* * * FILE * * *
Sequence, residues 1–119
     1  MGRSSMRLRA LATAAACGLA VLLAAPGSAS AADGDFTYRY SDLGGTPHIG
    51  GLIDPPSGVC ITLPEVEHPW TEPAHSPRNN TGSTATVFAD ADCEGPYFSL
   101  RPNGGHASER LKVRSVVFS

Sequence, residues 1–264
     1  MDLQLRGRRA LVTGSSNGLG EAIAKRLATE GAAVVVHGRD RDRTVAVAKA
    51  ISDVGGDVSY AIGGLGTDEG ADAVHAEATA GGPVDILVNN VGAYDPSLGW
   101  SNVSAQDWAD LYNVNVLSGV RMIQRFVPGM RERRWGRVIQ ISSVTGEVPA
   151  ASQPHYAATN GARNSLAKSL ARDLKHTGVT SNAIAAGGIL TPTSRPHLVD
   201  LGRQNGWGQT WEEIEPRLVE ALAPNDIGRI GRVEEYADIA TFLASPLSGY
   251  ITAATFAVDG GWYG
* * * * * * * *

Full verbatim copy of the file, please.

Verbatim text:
Sequence, residues 1–119
     1  MGRSSMRLRA LATAAACGLA VLLAAPGSAS AADGDFTYRY SDLGGTPHIG
    51  GLIDPPSGVC ITLPEVEHPW TEPAHSPRNN TGSTATVFAD ADCEGPYFSL
   101  RPNGGHASER LKVRSVVFS

Sequence, residues 1–264
     1  MDLQLRGRRA LVTGSSNGLG EAIAKRLATE GAAVVVHGRD RDRTVAVAKA
    51  ISDVGGDVSY AIGGLGTDEG ADAVHAEATA GGPVDILVNN VGAYDPSLGW
   101  SNVSAQDWAD LYNVNVLSGV RMIQRFVPGM RERRWGRVIQ ISSVTGEVPA
   151  ASQPHYAATN GARNSLAKSL ARDLKHTGVT SNAIAAGGIL TPTSRPHLVD
   201  LGRQNGWGQT WEEIEPRLVE ALAPNDIGRI GRVEEYADIA TFLASPLSGY
   251  ITAATFAVDG GWYG